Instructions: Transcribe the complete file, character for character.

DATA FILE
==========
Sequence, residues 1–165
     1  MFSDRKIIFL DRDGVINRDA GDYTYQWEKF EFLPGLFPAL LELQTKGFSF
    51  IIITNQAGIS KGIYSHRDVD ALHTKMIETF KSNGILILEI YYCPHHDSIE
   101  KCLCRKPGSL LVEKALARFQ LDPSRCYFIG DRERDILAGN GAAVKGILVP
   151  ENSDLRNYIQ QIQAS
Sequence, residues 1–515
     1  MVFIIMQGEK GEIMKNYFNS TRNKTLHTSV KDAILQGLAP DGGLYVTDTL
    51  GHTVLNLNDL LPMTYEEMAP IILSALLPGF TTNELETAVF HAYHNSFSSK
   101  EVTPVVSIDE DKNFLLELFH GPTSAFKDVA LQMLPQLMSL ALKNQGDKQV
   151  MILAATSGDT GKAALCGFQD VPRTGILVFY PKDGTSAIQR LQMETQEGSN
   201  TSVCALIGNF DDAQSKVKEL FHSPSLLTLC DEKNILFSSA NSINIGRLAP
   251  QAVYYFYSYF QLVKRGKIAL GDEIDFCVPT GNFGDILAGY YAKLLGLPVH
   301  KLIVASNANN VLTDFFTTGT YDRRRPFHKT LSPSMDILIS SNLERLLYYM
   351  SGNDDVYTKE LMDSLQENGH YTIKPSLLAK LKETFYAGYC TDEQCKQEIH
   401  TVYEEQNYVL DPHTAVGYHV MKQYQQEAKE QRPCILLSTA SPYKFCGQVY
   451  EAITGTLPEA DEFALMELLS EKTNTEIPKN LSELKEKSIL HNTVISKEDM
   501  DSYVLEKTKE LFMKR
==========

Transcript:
Sequence, residues 1–165
     1  MFSDRKIIFL DRDGVINRDA GDYTYQWEKF EFLPGLFPAL LELQTKGFSF
    51  IIITNQAGIS KGIYSHRDVD ALHTKMIETF KSNGILILEI YYCPHHDSIE
   101  KCLCRKPGSL LVEKALARFQ LDPSRCYFIG DRERDILAGN GAAVKGILVP
   151  ENSDLRNYIQ QIQAS
Sequence, residues 1–515
     1  MVFIIMQGEK GEIMKNYFNS TRNKTLHTSV KDAILQGLAP DGGLYVTDTL
    51  GHTVLNLNDL LPMTYEEMAP IILSALLPGF TTNELETAVF HAYHNSFSSK
   101  EVTPVVSIDE DKNFLLELFH GPTSAFKDVA LQMLPQLMSL ALKNQGDKQV
   151  MILAATSGDT GKAALCGFQD VPRTGILVFY PKDGTSAIQR LQMETQEGSN
   201  TSVCALIGNF DDAQSKVKEL FHSPSLLTLC DEKNILFSSA NSINIGRLAP
   251  QAVYYFYSYF QLVKRGKIAL GDEIDFCVPT GNFGDILAGY YAKLLGLPVH
   301  KLIVASNANN VLTDFFTTGT YDRRRPFHKT LSPSMDILIS SNLERLLYYM
   351  SGNDDVYTKE LMDSLQENGH YTIKPSLLAK LKETFYAGYC TDEQCKQEIH
   401  TVYEEQNYVL DPHTAVGYHV MKQYQQEAKE QRPCILLSTA SPYKFCGQVY
   451  EAITGTLPEA DEFALMELLS EKTNTEIPKN LSELKEKSIL HNTVISKEDM
   501  DSYVLEKTKE LFMKR